As always at Interzum, there were many brightly colored, multilayer foam cores on display with fascinating contour-cut designs. Form Sunger, based in Kayseri, Turkey, showed a new take on the classic egg-crate comfort layer, using two brightly colored foams.
The company also is pouring bio-based foams for the first time. Available in a range of weights and densities, they can be used in all but the quilting layer of a mattress, said Arif Emre Olmeztoprak, Form Sunger international sales and marketing manager. More than half of the petrochemicals in the new foams have been replaced with bio-based polyols.
Polyol supplier Cargill, headquartered in Wayzata, Minnesota, promoted its BiOH line of bio-based polyols, including the new BiOH 5556, which the company says can replace 100% of the petro-polyols in a foam. The new polyol yields a foam that’s cooler feeling than conventional foams and that provides consistent performance at a wider temperature range, according to the company.
“We are having a real push in the EU (for BiOH),” said Lis Engelsman, marketing and communication lead for EU Cargill Bioidustrial, in discussing the company’s presence at the show. “Initially, the focus was on foamers, only, but now we’re focused on the brand owners, themselves, and creating demand and pull-through.”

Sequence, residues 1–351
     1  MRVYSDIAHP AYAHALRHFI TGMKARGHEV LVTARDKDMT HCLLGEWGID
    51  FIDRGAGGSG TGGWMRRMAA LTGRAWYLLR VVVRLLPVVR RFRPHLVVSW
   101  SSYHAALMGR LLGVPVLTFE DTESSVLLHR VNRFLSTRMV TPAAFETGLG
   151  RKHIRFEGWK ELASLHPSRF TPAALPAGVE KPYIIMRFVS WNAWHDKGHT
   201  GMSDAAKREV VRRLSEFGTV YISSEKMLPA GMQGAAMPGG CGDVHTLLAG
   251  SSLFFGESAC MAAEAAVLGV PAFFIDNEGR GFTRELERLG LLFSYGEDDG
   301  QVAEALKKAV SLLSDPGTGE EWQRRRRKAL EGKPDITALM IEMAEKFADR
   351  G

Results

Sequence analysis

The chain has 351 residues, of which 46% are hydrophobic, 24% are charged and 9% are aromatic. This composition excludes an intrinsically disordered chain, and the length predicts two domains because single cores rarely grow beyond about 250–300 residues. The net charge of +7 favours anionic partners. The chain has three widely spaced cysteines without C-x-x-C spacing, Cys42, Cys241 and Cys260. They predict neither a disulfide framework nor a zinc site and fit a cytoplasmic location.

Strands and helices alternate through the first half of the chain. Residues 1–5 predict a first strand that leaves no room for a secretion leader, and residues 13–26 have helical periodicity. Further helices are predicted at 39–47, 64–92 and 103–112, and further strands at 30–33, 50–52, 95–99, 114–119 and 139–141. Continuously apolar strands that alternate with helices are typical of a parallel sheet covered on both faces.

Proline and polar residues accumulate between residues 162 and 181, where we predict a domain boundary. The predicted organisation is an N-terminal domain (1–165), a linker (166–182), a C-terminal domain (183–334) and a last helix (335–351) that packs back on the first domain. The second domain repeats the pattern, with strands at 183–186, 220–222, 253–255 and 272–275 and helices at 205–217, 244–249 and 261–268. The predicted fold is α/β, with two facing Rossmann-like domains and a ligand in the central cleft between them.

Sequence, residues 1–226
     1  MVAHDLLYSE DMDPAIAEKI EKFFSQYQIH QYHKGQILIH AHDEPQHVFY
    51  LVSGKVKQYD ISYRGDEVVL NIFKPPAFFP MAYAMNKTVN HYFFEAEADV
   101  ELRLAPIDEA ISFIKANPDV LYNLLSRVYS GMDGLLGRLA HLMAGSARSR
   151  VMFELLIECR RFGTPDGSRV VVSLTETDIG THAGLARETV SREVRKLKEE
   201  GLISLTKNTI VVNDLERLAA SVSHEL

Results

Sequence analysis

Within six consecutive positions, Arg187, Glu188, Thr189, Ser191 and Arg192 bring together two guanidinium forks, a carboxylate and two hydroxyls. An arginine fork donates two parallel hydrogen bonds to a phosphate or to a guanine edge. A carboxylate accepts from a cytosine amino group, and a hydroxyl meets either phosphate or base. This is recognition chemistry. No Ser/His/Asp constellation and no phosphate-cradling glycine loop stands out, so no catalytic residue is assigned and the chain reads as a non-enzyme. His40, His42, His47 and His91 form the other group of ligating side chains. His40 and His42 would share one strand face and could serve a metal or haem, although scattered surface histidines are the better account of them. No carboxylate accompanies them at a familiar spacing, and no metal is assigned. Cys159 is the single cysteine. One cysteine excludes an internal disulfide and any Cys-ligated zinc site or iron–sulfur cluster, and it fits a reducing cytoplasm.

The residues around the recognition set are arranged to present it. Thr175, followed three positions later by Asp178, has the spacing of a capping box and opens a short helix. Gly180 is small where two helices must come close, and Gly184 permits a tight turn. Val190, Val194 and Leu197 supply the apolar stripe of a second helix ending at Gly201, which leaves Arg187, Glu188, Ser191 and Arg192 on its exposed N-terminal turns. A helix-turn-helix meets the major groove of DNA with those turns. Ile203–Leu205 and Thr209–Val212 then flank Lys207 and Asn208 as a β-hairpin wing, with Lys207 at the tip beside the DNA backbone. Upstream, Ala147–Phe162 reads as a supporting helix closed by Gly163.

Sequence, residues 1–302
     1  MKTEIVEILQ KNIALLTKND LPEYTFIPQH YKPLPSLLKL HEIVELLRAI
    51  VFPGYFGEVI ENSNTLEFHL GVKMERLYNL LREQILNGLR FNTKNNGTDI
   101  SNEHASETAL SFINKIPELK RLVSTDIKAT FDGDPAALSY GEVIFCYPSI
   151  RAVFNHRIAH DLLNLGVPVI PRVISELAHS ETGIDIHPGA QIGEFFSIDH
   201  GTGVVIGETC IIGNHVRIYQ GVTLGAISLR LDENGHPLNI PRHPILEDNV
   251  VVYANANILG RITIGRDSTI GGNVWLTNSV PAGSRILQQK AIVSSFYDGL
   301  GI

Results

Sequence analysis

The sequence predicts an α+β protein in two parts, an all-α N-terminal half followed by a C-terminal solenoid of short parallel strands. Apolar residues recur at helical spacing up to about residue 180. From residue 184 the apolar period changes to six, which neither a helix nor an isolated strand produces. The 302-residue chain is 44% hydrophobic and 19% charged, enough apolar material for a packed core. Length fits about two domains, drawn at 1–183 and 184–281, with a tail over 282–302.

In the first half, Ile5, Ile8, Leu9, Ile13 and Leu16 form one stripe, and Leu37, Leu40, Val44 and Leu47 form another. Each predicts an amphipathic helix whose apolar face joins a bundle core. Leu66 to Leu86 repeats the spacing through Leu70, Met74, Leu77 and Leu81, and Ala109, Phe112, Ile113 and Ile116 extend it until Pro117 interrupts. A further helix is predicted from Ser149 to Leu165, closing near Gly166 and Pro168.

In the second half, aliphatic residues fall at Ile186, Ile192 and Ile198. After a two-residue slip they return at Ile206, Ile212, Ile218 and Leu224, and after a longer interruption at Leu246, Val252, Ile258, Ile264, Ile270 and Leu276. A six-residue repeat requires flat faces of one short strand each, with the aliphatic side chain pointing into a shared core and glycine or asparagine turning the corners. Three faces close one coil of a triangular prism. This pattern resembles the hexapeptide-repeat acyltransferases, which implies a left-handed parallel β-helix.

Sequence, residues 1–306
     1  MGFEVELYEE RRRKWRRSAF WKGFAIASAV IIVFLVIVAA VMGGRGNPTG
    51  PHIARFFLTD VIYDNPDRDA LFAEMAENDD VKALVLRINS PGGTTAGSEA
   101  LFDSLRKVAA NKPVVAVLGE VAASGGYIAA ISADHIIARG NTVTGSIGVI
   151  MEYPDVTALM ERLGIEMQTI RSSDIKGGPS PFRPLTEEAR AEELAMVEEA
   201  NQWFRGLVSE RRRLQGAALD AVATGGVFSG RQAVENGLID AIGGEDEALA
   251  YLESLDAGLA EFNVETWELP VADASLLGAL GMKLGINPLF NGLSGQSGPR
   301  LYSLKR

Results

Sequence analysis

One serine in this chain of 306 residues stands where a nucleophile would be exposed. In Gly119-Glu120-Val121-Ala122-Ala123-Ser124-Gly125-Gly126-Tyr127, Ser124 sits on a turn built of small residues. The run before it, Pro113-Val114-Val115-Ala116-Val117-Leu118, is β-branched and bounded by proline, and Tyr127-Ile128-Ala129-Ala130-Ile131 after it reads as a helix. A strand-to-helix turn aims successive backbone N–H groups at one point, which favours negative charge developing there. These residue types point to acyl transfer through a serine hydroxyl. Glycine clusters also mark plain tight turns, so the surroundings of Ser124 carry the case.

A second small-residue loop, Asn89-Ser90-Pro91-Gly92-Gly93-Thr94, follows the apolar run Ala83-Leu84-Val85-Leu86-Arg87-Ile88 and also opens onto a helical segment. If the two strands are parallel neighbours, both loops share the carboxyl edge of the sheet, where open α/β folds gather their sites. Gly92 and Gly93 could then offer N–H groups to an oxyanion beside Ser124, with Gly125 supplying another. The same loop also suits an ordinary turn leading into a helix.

FoamPartner announced it has created a more sustainable foam in its EvoPore high-resilience foam family simply by using less polyols. The new EvoPoreVHRC (for “very high resilience climate”) uses 30% less feedstock, which yields a lighter weight, yet more durable and long-lasting foam, the company said.
From Software to Sewing, Mattress Machinery Packs Features
At this year’s show, machinery updates and launches revolved around efficiency — from reducing machinery downtime and material waste to speeding up production processes, mostly through automation. And Industry 4.0 was a buzz phrase. It relates to the digitalization of manufacturing, which involves continual data collection, automation, artificial intelligence, networked machinery and cloud computing.
For the first time and in its largest exhibition space ever, Global Systems Group, the machinery division of Leggett & Platt Inc., set up a complete mattress factory and production line.